It’s not uncommon for those with psoriasis or psoriatic arthritis to even end up with permanent fissures on your tongue. One paper that reviewed several different studies found the “prevalence of fissured tongue ranging from 9.8% to 47.5% and of Geographic Tongue between 5.6% and 18.1%.”(2)

Either way, studies seem to show that an oral examination by your doctor or dentist to check the health of your tongue is warranted.

Doctor checking young woman for geographic tongue

How To Treat Geographic Tongue

The ways people go about dealing with Geographic Tongue vary.

If you believe that you have GT, it’s best to make an appointment with your dentist or doctor to get an official diagnosis (especially because fissures can actually end up being permanent).

From what I could find, the following seems to be the conventional route for treating geographic tongue — special mouth rinses that could be antihistamine or antiseptic, pain relief used orally, mouth rinse that contains corticosteroids, and even vitamin B or zinc supplementation.(1)

In most of the articles I read online, nothing is typically done if there are no other symptoms present.

But the reality is that as a clinical nutritionist, the potential for GT to be a sign of nutrient deficiencies underscores why this isn’t something to just blow off.

Increasingly lower levels of critical nutrients can have a profound effect on your health, with or without psoriasis.

The Cleveland Clinic notes that nutritional deficiencies play a potential role. They list the following deficiencies as potential triggers for Geographic Tongue:(5)

  • Zinc
  • Iron
  • Folate
  • Vitamin B6
  • Vitamin B12

Since a history of birth control pill use is a risk factor, it further underscores why looking at nutritional stores is important. Birth control pills are known to deplete B vitamins like folate, B6, B12, and riboflavin as well as Zinc.(6)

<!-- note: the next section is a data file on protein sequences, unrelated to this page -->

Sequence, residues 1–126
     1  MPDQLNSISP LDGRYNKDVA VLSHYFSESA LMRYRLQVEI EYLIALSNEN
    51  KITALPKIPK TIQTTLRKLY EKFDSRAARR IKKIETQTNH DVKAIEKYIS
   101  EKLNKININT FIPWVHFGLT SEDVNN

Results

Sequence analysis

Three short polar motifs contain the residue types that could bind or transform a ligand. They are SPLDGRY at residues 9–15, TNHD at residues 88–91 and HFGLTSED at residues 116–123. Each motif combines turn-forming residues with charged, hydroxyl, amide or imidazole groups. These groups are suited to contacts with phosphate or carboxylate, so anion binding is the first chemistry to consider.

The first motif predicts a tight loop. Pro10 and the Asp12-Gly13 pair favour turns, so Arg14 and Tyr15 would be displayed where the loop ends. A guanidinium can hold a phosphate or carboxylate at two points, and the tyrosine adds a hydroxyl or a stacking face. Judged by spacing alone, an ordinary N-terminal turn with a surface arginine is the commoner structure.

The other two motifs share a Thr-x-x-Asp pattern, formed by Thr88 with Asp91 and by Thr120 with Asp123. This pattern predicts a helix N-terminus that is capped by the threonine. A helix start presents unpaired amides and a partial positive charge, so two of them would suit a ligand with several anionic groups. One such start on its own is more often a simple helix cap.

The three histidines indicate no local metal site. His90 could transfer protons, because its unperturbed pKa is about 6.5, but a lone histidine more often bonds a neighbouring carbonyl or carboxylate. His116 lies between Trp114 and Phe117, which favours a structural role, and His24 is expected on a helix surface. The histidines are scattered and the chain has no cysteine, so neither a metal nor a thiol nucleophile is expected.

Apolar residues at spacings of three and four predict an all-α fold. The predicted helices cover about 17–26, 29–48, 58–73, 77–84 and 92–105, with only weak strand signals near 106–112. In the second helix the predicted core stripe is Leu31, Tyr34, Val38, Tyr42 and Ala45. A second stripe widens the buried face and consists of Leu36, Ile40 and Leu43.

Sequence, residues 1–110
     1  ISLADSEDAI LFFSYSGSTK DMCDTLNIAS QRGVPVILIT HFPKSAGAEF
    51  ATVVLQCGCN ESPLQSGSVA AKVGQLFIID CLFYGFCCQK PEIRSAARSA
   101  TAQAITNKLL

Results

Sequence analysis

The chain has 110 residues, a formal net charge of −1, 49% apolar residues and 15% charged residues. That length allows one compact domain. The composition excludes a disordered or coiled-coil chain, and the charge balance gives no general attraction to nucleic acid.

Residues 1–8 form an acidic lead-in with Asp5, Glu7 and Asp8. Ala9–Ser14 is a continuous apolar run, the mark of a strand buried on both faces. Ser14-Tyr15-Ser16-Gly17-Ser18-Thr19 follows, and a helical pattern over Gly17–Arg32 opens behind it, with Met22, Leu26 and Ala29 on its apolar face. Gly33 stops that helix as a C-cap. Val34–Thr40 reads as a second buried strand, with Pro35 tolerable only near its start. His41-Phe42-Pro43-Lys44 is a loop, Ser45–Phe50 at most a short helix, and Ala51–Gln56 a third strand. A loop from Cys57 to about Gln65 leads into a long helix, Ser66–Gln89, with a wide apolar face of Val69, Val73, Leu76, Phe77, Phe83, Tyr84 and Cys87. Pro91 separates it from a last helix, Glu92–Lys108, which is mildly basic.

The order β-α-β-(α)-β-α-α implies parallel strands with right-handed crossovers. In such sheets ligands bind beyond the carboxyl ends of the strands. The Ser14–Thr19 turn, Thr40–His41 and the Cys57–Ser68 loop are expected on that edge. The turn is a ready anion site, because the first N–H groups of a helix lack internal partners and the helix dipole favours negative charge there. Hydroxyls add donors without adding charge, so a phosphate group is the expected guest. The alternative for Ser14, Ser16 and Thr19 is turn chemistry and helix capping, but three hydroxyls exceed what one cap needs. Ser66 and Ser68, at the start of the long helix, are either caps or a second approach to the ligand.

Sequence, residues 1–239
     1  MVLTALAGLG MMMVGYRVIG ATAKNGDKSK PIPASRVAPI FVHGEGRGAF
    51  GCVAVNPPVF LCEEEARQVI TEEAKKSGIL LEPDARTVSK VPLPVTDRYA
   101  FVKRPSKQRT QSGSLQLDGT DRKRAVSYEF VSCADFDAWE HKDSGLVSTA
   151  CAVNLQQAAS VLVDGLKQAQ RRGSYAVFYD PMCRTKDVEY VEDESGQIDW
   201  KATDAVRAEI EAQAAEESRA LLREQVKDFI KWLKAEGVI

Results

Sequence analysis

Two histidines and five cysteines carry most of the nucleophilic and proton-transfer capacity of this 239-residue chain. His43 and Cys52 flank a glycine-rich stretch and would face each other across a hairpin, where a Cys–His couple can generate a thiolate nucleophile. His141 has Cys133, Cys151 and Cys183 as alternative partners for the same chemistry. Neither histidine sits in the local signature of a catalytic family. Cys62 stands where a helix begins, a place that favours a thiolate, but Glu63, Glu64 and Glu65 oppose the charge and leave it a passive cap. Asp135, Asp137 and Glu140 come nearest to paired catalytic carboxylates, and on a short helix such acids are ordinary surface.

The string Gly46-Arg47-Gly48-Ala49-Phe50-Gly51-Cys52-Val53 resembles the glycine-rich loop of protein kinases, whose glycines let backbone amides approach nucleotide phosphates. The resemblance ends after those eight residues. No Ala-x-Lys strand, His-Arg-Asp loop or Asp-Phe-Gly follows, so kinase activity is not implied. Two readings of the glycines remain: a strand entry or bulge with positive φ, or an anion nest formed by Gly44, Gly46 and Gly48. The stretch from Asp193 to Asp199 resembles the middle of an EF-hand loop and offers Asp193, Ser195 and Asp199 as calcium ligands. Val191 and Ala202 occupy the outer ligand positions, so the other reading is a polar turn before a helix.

I’ve also found that many of my psoriasis clients tend to have lower or deficient levels of some of these nutrients. That’s why getting certain labs run (which are often covered by insurance) can be really helpful.

And of course, this highlights why looking at symptoms outside of your skin, as well as a complete history, is so critical to getting answers!

I hope you’ve found this helpful and if you’ve got Geographic Tongue, I’d love to hear how you found out about it. Leave your experience and how you care for your tongue in the comments!

And of course, don’t forget to share this episode with someone you know who either has Geographic Tongue or psoriasis! Knowing that the two are connected could help them realize the importance of looking at nutrient levels.

Thank you so much for tuning in and I’ll see you in the next episode!

Woman reading reference books in library


1. https://www.medicalnewstoday.com/articles/319342.php
2. https://www.ncbi.nlm.nih.gov/pmc/articles/PMC4999097/
3. https://www.aaom.com/geographic-tongue
4. https://www.ncbi.nlm.nih.gov/pubmed/25073550
5. https://my.clevelandclinic.org/health/diseases/21177-geographic-tongue
6. https://www.ncbi.nlm.nih.gov/pubmed/23852908

Some sites call Geographic Tongue “psoriasis of the tongue”, but that might not be the case! Not everyone with psoriasis has GT though there is a high association between the two.

Jennifer Fugo, MS, CNS

Jennifer Fugo, MS, CNS is an integrative Clinical Nutritionist and the founder of Skinterrupt. She works with women who are fed up with chronic gut and skin rash issues discover the root causes and create a plan to get them back to a fuller, richer life.

Follow Us

Medical Disclaimer

Skinterrupt offers health, wellness, fitness and nutritional information which is designed for educational purposes only. You should not rely on this information as a substitute for, nor does it replace, professional medical advice, diagnois, or treatment. If you have any concerns or questions about your health, you should always consult with a physician or other health care professional. Do not disregard, avoid, or delay obtaining medical or health related advise from your physician or other health care professional because of something you may have seen or read on our site, or in our advertising, marketing, or promotional materials. The use of any information provided by Skinterrupt is solely at your own risk.

Nothing stated or posted on our site, or in our advertising, marketing or promotional materials, or through any of the services we offer, as intended to be, and must not be taken to be, the practice of medicine or counseling care. For purposes of this disclaimer, the practice of medicine or counseling care includes, without limitation, nutritional counseling, psychiatry, psychology, psychotherapy, or providing health care treatment, instruction, diagnosis, prognosis, or advice.